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Discussion in 'Food Preparation, Camp Cooking and Recipes' started by barney, Feb 28, 2019.
Fluty Lick just uploaded a video about the KitchenAid strainer.
All right guys im going for the kill...
Im going to TRY to make hominy for the first time...my grandma and momma used to make it...does any one have a good suggestion on corn or a recipe..
Hickory King (8 row corn) was the traditional Appalachian do it all corn. It was used for roastin' ears, grit bread, cornmeal, cornmeal mush, grits, and livestock feed and fodder. But any dent corn will work.
This recipe is approximate.
1 gallon of shelled corn.
1 cup of hydrated lime.
Place corn in a stainless pot and cover with a few inches of water and add the lime. Bring it to a boil then and simmer for a few minutes. Turn off the heat and let the corn cool to touch in the pot. At this point the skins on the kernels should be an orange color and you should be able to remove them and the black tips from the kernels. If not, rinse the corn and repeat. Once you get the the kernels clean of the skins, just rinse them and cook them until they are tender.
There's a few videos on YouTube that will help. Some use lye, some use ashes. But all will work. Here's one using lye.
Im going to feed store tomorrow see what he got...thanks for video...
It's amazing how dry the scraps are. Reminds me of the old wringer washers.
Got corn and lime today i will post pics tomorrow ...thanks Barney.
You're welcome, sir! The dryer the corn the longer it will take. Be prepared and patient.
When I worked in the vegetable cannery, right at the end, we started making hominy. I don't remember much about the process, but I remember that it was easy to screw up.
Be sure to watch at 8:20, for another kind of watermelon.
And I thought Barney was the Watermelon King....
Barney, this one came up from a seed i spit out a couple months ago. I don't think he is going to make it before frost.
I assumed this was Barney's place
That’s some serious equipment
That little feller probably won't be delicious with the days getting shorter, but I would bet it will get ripe and mature the seeds inside.
Years ago, my uncle planted seeds on the 4th of July. The melons started getting ripe in mid September, and were a nice treat until we got a freeze in October.
I got a new phone and need to download a photo resizer app for this website. My last charge of summer crops I planted in June/July are fizzing out. I’m really winding down on summer stuff and transitioning to fall/winter. Also very burnt out on picking and have a much needed vacation this week. I have 60 crimson sweet melons loaded up to sell tomorrow and they may be the sweetest of the season. I’ll try to get some pics uploaded in the next couple days.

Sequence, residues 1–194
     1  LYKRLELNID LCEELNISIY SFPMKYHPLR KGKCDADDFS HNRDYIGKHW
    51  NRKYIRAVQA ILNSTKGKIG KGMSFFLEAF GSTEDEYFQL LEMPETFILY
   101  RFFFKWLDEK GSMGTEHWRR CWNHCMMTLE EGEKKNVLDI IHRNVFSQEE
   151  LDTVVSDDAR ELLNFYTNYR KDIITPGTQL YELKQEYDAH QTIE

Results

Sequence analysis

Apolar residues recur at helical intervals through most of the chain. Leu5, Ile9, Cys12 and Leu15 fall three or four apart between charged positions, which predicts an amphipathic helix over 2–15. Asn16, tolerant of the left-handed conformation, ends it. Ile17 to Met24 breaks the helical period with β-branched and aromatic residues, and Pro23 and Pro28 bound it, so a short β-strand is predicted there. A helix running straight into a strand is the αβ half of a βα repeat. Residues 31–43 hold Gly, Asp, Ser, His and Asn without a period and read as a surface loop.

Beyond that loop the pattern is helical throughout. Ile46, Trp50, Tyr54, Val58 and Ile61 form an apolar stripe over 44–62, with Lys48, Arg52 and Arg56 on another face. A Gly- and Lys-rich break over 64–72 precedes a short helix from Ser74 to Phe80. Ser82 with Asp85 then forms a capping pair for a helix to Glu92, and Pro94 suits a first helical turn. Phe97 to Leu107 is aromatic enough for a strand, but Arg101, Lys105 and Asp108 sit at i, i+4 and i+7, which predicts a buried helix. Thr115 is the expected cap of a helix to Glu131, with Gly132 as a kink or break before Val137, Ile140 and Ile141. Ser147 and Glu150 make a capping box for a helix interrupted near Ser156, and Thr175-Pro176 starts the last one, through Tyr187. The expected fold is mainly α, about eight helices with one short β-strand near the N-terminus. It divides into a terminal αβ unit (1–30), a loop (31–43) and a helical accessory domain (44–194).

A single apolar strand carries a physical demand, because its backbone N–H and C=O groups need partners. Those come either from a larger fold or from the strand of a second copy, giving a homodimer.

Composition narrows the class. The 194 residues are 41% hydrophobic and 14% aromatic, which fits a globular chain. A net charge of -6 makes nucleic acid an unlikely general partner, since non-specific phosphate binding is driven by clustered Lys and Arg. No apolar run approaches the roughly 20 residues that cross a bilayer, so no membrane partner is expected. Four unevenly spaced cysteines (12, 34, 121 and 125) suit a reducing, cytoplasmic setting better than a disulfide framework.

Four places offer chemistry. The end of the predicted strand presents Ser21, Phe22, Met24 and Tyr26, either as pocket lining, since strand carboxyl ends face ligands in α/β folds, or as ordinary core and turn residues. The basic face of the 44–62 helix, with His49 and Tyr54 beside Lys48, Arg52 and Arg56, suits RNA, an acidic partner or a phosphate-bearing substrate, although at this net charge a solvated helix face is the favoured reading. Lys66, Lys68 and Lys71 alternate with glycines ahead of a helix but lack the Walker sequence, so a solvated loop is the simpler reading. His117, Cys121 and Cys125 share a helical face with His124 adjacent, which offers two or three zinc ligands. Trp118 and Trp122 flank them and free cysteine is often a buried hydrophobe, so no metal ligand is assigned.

I always enjoyed the rest and unwinding I got this time of year when the garden was coming to an end, and I always looked forward it. I also always enjoyed my shoebox stacked neatly full of Franklin's and Grant's.
I didn't have very much investment in what I grew this year. I used mostly leftover, and saved seeds for everything. I even had some leftover seed starting mix from a few years back. My biggest expense this year was fertilizer and a little fuel for the tiller and water pump. So I didn't plan on selling anything I produced to recover expenses. I figured we would use what we could, and the rest would go to family and friends. That plan didn't work out very well. People can just use so many maters, and after a few watermelons they get old too.
So after we canned all of the maters we wanted, and everyone was tired of melons, I asked one of my friends who sells produce if he could use any. He did, and he even picked it. He took 100 watermelons, and he picked the grafted maters twice one week during the peak of ripening. One day last week my friend stopped by and thanked me for helping him out. We talked awhile about gardening and other things, and just as he was leaving, he reached into his pocket and pulled out an envelope with my name on it. I opened it after he left and Inside was 10 $100 bills!
Being generous came back to you, nothing wrong with that